Who is to blame for this situation? As a true monetary deflation is a very rare malady, the only fault lies in the economics profession, for not being able to diagnose it as early as we did in 1997. Even Nobel prizewinner Robert Mundell paid little attention to the decline in the gold price, instead assuming that deflation would not occur until the price indices turned negative. Mundell had written in 1971 that inflation was a decline in the monetary standard, by which he meant a rise in the price of gold. This enabled him alone to predict the inflation of the 1970s. He did not address the topic of deflation, though, a concept I find clearly addressed only in the writings of Ludwig von Mises. If the dollar/gold price rises from $35 to $350, Mundell sees that as inflation. If it then falls to $270, Mundell and most other economists see the decline not as deflation, but what they call disinflation. Von Mises would see the decline in gold from $350 to $349 as the beginning of deflation, with immediate consequences to transactors who made contracts at $350. The Wall Street Journal, which follows Mundell, not Von Mises or Polyconomics, has dismissed our arguments out of hand for the last four years and this morning says the stock market’s gyrations are related to the debate over taxation and have nothing to do with monetary policies. The fact that House GOP leaders now are talking about cutting the capital gains tax is of course great news for the market and the economy, but even if it happens, it cannot offset the deflation.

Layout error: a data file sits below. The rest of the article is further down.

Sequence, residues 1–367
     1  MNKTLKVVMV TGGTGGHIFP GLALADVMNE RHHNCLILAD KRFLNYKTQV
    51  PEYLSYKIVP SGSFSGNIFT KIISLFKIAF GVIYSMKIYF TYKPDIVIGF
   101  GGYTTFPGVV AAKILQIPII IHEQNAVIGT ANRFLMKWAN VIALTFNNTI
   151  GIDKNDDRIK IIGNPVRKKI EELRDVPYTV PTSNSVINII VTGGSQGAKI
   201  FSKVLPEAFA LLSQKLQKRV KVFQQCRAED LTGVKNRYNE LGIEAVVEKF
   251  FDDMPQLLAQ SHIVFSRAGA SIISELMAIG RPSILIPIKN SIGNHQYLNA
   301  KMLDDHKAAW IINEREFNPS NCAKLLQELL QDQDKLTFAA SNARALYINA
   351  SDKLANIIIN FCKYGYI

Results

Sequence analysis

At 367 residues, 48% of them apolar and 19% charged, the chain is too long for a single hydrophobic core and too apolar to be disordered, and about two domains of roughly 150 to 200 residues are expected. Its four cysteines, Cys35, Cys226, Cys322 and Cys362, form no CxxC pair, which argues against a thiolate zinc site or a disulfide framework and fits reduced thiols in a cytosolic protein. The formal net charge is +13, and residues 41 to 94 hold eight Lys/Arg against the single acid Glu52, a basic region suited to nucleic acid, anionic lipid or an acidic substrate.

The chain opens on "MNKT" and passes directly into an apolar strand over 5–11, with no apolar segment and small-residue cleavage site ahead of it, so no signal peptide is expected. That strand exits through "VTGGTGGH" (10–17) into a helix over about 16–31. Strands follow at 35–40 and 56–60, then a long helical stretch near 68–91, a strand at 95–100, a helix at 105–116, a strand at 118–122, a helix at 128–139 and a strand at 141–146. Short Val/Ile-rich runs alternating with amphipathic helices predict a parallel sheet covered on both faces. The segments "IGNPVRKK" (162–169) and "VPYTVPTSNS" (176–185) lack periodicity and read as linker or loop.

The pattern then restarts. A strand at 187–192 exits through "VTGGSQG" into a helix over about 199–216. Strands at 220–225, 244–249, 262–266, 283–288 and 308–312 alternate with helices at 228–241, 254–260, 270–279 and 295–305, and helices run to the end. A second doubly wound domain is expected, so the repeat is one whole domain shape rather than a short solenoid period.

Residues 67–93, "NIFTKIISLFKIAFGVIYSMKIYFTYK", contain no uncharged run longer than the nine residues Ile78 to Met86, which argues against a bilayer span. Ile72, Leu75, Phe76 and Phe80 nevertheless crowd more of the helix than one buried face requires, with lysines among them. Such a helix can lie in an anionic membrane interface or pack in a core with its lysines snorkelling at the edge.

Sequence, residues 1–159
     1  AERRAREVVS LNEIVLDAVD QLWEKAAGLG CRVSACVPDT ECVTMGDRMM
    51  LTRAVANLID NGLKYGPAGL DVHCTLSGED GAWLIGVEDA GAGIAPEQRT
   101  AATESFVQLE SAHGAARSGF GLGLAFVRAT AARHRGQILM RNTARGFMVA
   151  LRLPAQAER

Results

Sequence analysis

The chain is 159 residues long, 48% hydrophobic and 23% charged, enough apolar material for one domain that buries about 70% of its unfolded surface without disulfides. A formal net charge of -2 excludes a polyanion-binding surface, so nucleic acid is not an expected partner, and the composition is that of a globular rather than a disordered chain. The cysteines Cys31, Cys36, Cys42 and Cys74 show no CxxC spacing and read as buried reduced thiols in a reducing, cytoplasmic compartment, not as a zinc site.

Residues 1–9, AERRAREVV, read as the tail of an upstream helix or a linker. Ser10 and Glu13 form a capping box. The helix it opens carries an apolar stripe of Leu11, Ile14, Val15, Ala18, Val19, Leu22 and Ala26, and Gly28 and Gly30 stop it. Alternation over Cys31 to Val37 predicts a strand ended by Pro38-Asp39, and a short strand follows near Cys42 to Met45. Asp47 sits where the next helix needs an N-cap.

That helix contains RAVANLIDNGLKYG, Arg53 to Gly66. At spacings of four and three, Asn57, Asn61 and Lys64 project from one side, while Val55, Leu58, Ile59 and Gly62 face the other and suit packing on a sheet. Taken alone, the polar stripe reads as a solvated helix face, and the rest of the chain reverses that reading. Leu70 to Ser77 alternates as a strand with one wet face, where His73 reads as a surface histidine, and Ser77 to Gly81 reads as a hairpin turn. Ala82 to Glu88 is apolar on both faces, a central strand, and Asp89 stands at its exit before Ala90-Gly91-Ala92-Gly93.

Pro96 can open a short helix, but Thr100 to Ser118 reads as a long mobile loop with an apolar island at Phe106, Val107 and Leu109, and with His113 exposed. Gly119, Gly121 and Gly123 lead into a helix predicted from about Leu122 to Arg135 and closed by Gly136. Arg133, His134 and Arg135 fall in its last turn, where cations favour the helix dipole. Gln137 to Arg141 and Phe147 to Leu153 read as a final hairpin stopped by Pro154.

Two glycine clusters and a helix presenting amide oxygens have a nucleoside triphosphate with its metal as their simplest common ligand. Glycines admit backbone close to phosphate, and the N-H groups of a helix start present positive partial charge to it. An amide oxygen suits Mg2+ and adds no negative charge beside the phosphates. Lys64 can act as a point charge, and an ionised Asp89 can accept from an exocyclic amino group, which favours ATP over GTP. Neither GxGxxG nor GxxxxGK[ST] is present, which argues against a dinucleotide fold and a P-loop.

We continue to get questions from longtime clients who still think maybe if we cut interest rates to zero, the monetary deflation would end. I asked my colleague, Mike Darda, to answer this question, hoping his different word pictures would help you understand where I have failed:

High real interest rates in a deflation are a function of the dollar unit of account expanding -- the opposite of an inflation in which the unit of account shrinks. This implies nominal interest rates can be zero, or even negative for a time, while real rates remain positive because debtors have to pay back heavier bucks. This situation is impossible to solve with the fed funds rate, though, because each and every time the rate is dropped, the opportunity cost of holding cash declines. The demand for money rises. And we stay on a perpetually deflationary treadmill until a crisis knocks us off or our political leaders wake up. A deflation is self-perpetuating unless there is a monetary response to stop it that includes providing more high-powered money to the banking system than it wants, irrespective of overnight interest rates. Yes, the Fed has used its fed funds target since 1982. Interest-rate targeting is preferable to M targeting, which never works. But it has been FISCAL policy, not monetary policy, that ended the inflation of the 1970s and ushered in the deflation of 1981-82 and 1997-01. The last two decades have seen only two dramatic reductions in tax rates: 1981, which was followed by a deflation in 1982, and 1997, followed by another deflation that plagues us to this day. The first of the supply-side tax cuts passed in 1975 paralleled a brief period of “tight” money as the Fed had begun to be steered toward the monetary aggregates. Unless monetary policy is linked to something tangible, which automatically provides the exact amount of money the market demands, fiscal and monetary policy will continue to pull in different directions. And that is the problem we face now.

Please keep the questions coming as our responses will be shared with the political community and the Fed.